A new weapon in the Chinese military arsenal is said to be causing a stir in the U.S. Navy: the Dongfeng 21D anti-ship ballistic missile (ASBM). Some experts are calling it a “game changer” because the missile is the first ballistic missile with the capability to take out a moving aircraft carrier. Because it’s ballistic it can travel at incredible speeds: this missile reportedly clocks in close to an astounding Mach 10!
Says the U.S. Naval Institute blog:
The size of the missile enables it to carry a warhead big enough to inflict significant damage on a large vessel, providing the Chinese the capability of destroying a U.S. supercarrier in one strike.
Because the missile employs a complex guidance system, low radar signature and a maneuverability that makes its flight path unpredictable, the odds that it can evade tracking systems to reach its target are increased. It is estimated that the missile can travel at Mach 10 and reach its maximum range of 2000km in less than 12 minutes.
The Associated Press wrote a breathless report on the missile this month, and some have chimed in to say that with the development of the Dongfeng 21D the U.S. has lost its supremacy of the sea. Others aren’t so sure.
I’m sort of in the middle on this issue. It’s well-known that the Chinese are working to build a blue water navy but such huge leaps don’t come overnight, even to a country growing as rapidly as China. And while some may say this missile ups the ante, a missile is not the same thing as sea power.
Secondly, carriers became outdated with the development of the cruise missile. They’re big, expensive, lumbering, and manpower-intensive. Carrier technology, with the exception of their nuclear power plants, really hasn’t changed since World War II. It’s my opinion that a carrier’s biggest asset lies in its ability to show the flag. It’s the projection of power. Carriers play the role that big battleships used to play. But like the battleships before it, carriers are also doomed to obsolescence.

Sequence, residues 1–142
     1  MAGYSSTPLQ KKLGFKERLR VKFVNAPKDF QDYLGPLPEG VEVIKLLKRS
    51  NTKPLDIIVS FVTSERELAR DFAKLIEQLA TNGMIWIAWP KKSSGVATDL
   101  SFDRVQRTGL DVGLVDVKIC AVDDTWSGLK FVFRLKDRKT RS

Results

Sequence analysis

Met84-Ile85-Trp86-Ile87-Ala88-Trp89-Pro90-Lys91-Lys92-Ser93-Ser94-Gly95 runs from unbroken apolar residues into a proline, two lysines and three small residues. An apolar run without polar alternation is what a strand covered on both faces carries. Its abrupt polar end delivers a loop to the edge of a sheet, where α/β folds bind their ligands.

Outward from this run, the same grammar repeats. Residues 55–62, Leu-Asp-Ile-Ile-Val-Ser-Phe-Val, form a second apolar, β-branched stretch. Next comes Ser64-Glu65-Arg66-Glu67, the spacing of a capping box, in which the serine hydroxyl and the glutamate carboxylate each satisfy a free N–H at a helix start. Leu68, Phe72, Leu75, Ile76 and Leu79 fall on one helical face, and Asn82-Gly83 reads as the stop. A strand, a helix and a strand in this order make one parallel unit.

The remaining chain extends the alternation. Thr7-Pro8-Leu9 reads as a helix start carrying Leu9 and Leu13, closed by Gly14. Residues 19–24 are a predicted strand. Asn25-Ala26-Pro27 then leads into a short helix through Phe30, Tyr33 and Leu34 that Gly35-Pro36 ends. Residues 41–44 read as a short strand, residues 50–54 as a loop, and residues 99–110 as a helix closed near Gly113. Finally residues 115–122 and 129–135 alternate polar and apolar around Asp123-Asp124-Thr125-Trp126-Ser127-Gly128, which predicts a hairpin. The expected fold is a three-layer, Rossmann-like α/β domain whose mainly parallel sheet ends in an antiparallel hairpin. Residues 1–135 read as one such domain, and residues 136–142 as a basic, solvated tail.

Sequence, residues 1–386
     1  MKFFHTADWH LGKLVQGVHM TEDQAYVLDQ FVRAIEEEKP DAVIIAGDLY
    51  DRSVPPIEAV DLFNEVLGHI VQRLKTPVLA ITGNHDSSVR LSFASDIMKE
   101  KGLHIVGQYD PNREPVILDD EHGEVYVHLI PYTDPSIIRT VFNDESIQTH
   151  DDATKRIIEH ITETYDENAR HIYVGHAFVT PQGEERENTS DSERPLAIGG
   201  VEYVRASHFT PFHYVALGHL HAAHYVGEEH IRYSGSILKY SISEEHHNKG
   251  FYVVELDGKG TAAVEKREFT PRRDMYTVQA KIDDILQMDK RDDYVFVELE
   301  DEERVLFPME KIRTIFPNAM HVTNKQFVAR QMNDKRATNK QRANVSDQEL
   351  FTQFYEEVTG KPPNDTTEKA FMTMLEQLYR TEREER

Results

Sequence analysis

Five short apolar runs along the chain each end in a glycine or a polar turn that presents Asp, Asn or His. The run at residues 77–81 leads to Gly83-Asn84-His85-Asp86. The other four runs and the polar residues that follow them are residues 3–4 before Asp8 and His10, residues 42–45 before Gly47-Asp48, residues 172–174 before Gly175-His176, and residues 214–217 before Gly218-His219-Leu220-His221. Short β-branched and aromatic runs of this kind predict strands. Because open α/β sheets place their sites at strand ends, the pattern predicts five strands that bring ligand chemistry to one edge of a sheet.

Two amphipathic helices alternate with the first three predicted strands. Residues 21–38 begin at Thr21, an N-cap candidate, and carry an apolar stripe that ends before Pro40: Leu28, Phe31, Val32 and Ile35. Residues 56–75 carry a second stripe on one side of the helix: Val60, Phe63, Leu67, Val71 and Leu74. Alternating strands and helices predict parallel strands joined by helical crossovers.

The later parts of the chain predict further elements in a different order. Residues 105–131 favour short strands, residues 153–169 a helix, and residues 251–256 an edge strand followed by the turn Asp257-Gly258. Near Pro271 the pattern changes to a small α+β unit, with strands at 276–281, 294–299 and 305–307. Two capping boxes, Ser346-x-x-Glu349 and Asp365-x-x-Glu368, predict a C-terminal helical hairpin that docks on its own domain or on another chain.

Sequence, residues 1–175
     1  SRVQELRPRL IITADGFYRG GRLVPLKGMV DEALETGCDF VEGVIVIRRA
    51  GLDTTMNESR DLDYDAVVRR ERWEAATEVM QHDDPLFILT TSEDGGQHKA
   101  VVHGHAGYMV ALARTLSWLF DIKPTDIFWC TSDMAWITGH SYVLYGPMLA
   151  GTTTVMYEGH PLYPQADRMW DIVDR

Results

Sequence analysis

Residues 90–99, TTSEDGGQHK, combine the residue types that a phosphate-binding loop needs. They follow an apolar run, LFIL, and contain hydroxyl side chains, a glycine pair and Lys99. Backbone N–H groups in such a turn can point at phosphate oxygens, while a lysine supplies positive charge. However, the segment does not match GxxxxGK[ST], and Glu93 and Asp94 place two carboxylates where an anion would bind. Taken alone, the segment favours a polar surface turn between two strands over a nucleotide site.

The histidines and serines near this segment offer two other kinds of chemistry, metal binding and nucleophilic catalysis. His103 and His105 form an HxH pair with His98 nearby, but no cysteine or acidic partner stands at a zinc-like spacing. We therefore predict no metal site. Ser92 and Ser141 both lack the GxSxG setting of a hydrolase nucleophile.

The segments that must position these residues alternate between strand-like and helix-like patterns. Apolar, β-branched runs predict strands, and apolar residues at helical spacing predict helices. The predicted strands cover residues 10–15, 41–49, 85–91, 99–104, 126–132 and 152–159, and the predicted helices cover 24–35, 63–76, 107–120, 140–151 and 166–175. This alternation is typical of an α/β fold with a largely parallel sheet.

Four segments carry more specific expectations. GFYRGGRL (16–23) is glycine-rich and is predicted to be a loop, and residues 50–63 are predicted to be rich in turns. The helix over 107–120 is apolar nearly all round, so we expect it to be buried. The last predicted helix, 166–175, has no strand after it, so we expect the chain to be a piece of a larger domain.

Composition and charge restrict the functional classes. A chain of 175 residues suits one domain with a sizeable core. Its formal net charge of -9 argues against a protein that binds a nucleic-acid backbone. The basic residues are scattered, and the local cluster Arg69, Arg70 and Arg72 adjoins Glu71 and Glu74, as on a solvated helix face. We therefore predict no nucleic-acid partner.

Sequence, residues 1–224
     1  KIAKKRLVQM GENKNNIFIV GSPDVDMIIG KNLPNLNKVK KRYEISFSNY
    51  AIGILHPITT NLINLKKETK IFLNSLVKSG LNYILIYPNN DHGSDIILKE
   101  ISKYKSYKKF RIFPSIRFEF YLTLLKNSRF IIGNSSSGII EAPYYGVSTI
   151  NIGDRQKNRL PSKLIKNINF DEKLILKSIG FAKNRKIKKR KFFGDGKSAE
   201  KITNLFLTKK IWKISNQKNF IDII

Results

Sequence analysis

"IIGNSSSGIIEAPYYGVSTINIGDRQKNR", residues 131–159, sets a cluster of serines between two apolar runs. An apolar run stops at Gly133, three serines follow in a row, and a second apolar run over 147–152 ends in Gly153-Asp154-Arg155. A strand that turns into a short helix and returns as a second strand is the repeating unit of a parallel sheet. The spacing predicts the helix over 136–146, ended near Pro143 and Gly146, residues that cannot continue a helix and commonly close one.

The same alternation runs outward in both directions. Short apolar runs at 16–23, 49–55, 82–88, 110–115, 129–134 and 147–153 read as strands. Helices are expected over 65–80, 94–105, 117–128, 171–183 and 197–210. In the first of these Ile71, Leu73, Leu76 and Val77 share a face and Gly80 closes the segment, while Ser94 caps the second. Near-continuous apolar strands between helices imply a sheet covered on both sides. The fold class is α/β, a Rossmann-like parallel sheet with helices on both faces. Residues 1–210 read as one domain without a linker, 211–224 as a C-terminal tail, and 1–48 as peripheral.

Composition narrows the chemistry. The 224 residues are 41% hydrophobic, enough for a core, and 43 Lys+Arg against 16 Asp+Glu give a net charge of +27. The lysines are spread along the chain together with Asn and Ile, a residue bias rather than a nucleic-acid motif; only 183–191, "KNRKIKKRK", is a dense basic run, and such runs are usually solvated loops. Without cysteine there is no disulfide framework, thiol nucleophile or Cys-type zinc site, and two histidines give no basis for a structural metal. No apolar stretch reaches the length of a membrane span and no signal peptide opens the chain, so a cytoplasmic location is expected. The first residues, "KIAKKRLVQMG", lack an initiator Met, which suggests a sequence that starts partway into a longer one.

About the time I was leaving the Navy, there were those who envisioned the modern fleet would consist of inexpensive floating missile barges.These arsenal ships with virtually no superstructure and only the smallest of crews. While that approach is quite effective, it isn’t sexy. It doesn’t get recruits in the doors, or get Congress writing checks (nor generate as many construction jobs, I might add). So the carrier’s message is as much for our side as it is for the enemy’s.
Then there are our wonderful fleet of submarines. Subs, you might be aware, are the ultimate military weapon: silent, deadly, and capable of hiding completely for months on end. Good luck on finding one, and if you do then good luck on attacking it with a missile.
Pretty much, should a missile from China or anywhere else take a shot at one of our aircraft carriers, the gloves will come off. The incoming missile may as well be nuclear-tipped because there will be no second chance: there will be hell to pay. Ballistic missile launches provide a nice, easily-detectable heat signature, so there will be no secret about where they originated.
Fortunately, China isn’t stupid and wouldn’t endanger the trade and business relationships that have benefited both countries tremendously over the years. Thus I think these threats are overblown and offer little more than bragging rights. Will this missile radically alter how the U.S. Navy operates? I seriously doubt it.